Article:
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Among Native communities, federal officials, and museum employees across the United States, The University of California at Berkeley has a longstanding reputation as the institution with the most Native American human remains and associated burial objects in its collection.

At its peak, UC Berkeley’s Phoebe A. Hearst Museum of Anthropology held about 12,000 ancestors, according to the data it self-reported under federal law in the late '90s.

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In the last several decades, since both federal and state law in California have mandated the catalog and return of Native American human remains and burial objects, UC Berkeley has returned 3,000 ancestors— or just 25 percent of its total holdings. 

But one-third of those repatriations have taken place in roughly the last year since the California Legislature’s passage of updated, more stringent state law in late 2020, signaling a more steady stream of repatriations to come.

Additionally, in just the last year, the institution returned about 55,000 burial items or belongings back to tribes, or about 48 percent of its total holdings.

“I think there should have been more remains returned,” California State Representative and member of the Serrano/Cahuilla tribe, James Ramos, told Native News Online. “I don’t know what the hold up is. When tribal people are coming and saying, ‘those are our family members, and an institution is not expediting them, there’s a problem.”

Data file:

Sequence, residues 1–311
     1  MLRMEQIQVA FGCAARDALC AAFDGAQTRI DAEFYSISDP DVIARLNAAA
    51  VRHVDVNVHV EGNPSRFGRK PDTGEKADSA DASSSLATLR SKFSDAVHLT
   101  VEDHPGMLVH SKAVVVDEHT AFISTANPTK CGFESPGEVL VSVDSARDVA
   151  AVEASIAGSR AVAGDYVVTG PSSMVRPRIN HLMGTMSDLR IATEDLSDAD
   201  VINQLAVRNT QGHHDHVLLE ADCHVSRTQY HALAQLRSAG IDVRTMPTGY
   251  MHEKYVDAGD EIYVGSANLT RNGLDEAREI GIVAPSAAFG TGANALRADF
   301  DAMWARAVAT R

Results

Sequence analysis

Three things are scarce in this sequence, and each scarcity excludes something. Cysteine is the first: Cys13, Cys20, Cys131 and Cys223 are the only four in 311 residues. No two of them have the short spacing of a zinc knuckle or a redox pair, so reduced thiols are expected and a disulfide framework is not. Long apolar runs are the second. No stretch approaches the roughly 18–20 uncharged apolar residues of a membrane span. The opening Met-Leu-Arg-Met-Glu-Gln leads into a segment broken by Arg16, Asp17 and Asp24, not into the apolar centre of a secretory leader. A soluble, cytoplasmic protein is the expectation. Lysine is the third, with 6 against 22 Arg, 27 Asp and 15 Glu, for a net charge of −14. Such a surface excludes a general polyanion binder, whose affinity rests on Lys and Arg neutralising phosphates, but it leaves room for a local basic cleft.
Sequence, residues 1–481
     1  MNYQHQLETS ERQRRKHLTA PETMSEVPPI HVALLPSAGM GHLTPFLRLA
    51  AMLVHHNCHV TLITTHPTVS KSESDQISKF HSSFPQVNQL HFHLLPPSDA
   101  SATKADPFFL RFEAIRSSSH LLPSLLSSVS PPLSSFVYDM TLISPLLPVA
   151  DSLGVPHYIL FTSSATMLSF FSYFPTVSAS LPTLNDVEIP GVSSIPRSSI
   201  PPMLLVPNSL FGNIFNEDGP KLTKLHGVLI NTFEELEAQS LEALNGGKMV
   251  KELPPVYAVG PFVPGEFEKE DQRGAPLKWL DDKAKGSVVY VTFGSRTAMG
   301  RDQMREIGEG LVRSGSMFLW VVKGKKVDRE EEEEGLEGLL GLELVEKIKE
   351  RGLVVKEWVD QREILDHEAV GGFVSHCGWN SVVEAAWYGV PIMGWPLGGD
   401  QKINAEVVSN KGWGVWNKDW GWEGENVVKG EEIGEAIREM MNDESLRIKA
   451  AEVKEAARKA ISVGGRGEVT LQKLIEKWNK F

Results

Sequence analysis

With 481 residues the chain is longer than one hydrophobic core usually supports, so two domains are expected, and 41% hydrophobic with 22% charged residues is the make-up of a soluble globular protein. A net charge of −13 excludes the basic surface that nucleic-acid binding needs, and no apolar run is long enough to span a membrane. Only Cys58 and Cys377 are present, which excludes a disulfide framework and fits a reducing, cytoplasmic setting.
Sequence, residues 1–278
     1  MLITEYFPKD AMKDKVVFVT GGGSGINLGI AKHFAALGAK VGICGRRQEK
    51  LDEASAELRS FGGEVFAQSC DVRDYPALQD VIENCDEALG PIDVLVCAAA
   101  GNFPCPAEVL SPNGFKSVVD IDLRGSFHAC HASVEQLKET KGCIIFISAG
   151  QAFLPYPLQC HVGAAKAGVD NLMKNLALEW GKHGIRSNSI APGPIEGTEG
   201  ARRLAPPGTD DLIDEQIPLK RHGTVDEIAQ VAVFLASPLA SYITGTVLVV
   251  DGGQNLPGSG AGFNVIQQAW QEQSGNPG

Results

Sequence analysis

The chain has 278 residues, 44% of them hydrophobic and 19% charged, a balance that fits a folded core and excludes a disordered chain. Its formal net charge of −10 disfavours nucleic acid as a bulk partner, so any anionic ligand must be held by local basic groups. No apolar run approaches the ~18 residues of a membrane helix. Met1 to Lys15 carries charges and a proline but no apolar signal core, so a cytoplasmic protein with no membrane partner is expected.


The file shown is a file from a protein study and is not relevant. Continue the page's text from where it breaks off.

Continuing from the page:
What’s the history?

Sabrina Agarwal, Professor of Anthropology and Special Adviser to the Chancellor at the University of California Berkeley, presented on the university’s history and current efforts to return ancestors during an October conference on repatriation held by the Association on American Indian Affairs. 

Agarwal noted prior stall tactics at UC Berkeley, including past practices of consulting only with federally recognized tribes, despite the fact that the surrounding Bay Area is home to mostly non-federally unrecognized tribes; prioritizing scientific and scholarly evidence and discounting tribal knowledge in determining cultural affiliation; forbidding tribal representatives to participate with committee discussions on claim reviews; and not having a clear timeline, or transparent process.

“These are really tactics to delay repatriation that happened for decades in the history of our campus,” Agarwal said. “Perhaps the most painful and upsetting thing that continued with research and teaching up until 2018 with culturally unidentified ancestors’ remains.”

She added that the vast majority—or 76 percent of UC Berkeley’s current holding of 9,000 ancestors and 13,000 associated burial objects—can be affiliated with non-federally recognized tribes from two counties in the Bay Area, Contra Costa County and Alameda County. According to Agarwal, UC Berkeley is in consultation with the tribes where geographic affiliation is known. 

What changed?

Agarwal reconstructed a timeline of events that have led to institutional change when it comes to NAGPRA over the last five years or so:

  • In 2017, Native American leadership at UC Berkeley organized its first tribal council for Native American community members, where members expressed their frustration about how repatriation was obstructed on campus, Agarwal said.
  • This led to a change on campus where, in 2018, the museum was no longer involved with reviewing and handling claims. A new review committee was created with a majority of Native American members and a clear mandate for repatriation. Additionally, the university enacted a moratorium on all research and teachings using Native American human remains and belongings.